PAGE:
Why I Write: Jenny Ferguson

I write because I can’t stop. And, yes, I’ve tried quitting. More than once.

The longest time I managed to quit writing was for a period of about four years, while I was an undergraduate at York University. After I graduated, and because I didn’t know what to do with myself, I hadn’t yet found myself, I returned to York as a non-degree student and took a couple creative writing classes. The shortest period of time I’ve quit for… oh, I didn’t clock it, but it was probably five minutes or so. This not a fickle end, but a moment where I needed to quit, desperately, if only for those five minutes.

I quit every other day, every other week, every other month, and at least forty times a year.

But in my life, I’m not generally a quitter. I set out to do what I do and I (mostly) succeed. I’m terrible at my introductory adult ballet class—but I won’t quit, no matter how much my quads ache or the leotard digs into my not-for-ballet body.

But we’re talking about writing here, and not dance. Writing is heavy lifting of ideas, experiences, words, and the indescribably, through lives I have not lived, not yet, won’t ever, and versions of lives I have. But writing is at its core storytelling. And storytelling is part of the fabric of what makes me the person I am. It’s part of how this brain of mine is wired, how this body of mine makes sense of this world.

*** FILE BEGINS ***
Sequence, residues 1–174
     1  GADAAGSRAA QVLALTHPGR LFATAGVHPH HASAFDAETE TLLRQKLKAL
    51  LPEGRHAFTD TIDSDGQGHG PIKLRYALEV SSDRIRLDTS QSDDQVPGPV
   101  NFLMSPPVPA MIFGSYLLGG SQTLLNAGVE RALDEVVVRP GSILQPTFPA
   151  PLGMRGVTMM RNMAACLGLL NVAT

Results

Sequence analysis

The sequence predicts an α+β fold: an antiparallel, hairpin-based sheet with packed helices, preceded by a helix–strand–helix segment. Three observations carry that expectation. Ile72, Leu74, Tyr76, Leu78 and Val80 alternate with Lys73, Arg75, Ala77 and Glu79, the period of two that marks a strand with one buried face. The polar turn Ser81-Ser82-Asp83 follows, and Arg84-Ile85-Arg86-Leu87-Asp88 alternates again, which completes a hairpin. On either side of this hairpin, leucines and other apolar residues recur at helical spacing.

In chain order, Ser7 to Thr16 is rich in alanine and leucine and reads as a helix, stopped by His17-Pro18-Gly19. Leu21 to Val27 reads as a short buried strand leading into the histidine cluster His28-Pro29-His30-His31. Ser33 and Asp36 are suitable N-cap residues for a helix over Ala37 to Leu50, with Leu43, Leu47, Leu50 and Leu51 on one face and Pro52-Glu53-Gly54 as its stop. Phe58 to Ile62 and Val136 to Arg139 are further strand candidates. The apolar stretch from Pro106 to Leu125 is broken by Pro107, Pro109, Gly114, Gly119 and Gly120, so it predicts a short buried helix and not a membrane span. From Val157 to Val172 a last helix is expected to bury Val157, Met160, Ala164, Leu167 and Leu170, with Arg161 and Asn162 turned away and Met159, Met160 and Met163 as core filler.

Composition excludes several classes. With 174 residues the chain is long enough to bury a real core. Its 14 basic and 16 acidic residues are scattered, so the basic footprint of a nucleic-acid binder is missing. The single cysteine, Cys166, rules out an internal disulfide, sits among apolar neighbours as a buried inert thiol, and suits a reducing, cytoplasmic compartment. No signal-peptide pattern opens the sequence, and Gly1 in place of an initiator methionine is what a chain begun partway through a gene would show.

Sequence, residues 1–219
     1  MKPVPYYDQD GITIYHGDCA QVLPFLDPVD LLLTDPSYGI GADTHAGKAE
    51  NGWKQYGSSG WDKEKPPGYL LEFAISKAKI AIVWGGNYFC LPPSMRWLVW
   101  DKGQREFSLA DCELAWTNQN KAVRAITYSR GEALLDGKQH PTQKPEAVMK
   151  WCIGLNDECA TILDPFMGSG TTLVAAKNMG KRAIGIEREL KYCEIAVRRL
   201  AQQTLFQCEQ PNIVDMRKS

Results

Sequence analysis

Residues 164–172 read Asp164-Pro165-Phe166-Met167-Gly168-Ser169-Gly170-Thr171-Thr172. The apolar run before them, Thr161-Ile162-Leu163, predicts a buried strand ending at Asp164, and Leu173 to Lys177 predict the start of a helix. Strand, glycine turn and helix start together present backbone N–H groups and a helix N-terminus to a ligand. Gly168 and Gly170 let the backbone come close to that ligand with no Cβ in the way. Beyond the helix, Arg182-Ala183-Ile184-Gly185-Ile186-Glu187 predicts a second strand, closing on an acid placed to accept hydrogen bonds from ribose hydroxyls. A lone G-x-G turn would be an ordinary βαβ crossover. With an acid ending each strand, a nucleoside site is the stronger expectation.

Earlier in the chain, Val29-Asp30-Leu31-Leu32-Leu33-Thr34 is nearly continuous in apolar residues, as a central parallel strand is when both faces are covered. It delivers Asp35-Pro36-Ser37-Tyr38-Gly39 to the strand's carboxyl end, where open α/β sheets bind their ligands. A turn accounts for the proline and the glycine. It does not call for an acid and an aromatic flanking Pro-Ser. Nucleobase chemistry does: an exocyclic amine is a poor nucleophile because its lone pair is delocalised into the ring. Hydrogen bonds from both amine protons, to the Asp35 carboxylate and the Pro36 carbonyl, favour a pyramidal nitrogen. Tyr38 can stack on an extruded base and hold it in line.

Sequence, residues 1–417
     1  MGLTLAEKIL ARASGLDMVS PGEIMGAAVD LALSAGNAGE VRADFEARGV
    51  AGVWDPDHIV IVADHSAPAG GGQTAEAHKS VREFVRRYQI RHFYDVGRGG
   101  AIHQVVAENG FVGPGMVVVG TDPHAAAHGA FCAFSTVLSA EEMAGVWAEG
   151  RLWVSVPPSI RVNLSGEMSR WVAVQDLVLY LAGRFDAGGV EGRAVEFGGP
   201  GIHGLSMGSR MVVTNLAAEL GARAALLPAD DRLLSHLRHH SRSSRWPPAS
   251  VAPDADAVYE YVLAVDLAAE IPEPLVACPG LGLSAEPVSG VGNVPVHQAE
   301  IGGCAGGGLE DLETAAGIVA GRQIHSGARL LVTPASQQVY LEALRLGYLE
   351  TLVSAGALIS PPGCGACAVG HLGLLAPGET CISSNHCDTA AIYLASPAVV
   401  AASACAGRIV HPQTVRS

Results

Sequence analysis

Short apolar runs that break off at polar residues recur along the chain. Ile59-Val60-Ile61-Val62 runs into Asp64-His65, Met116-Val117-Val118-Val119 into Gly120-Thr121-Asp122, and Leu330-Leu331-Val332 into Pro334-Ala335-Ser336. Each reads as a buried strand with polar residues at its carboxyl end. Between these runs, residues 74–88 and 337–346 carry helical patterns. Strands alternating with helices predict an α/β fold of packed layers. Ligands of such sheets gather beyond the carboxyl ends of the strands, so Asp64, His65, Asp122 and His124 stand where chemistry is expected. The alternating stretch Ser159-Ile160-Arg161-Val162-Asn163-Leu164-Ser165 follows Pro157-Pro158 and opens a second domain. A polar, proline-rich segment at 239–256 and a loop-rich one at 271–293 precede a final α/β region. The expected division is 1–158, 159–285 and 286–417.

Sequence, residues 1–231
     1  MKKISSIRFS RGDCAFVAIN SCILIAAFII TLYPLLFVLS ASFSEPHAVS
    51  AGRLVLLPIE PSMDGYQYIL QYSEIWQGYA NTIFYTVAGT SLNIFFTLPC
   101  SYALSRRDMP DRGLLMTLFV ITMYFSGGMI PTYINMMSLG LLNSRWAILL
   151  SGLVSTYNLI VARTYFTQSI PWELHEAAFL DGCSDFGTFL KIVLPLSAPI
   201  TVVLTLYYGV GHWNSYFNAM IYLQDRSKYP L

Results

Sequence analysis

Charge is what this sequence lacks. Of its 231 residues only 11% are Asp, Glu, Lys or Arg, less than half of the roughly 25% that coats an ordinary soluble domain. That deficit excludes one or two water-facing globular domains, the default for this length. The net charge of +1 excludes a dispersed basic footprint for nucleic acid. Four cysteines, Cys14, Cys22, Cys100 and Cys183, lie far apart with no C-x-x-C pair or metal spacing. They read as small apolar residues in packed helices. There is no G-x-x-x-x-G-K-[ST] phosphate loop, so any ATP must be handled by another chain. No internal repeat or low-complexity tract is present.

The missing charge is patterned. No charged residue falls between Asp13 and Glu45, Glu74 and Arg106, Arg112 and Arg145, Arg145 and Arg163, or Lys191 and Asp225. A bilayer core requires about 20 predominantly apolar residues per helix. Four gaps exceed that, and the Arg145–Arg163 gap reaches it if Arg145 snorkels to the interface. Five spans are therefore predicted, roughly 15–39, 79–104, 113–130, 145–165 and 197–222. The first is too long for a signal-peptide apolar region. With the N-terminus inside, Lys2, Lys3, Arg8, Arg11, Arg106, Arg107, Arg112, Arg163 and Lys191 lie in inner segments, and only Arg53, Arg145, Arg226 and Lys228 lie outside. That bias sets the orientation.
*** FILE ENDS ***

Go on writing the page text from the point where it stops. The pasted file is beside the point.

So those moments when I quit writing, I’m learning to see them for what they are, pauses rather than ends, breaks rather than broken narratives, resting space for the mind and body rather than a final keystroke, a final word, a final story. Because storytelling doesn’t end—doesn’t ever end—and so I pause, and so I write.

About Jenny Ferguson

Jenny Ferguson is Métis, an activist, a feminist, an auntie, and an accomplice with a PhD. She believes writing and teaching are political acts. BORDER MARKERS, her collection of linked flash fiction narratives, is available from NeWest Press. She lives in Haudenosaunee Territory, where she teaches at Hobart and William Smith Colleges.




  • Ellen ODonnell

    @Breaks rather than broken narratives!” Love that. Thanks for you wonderful words!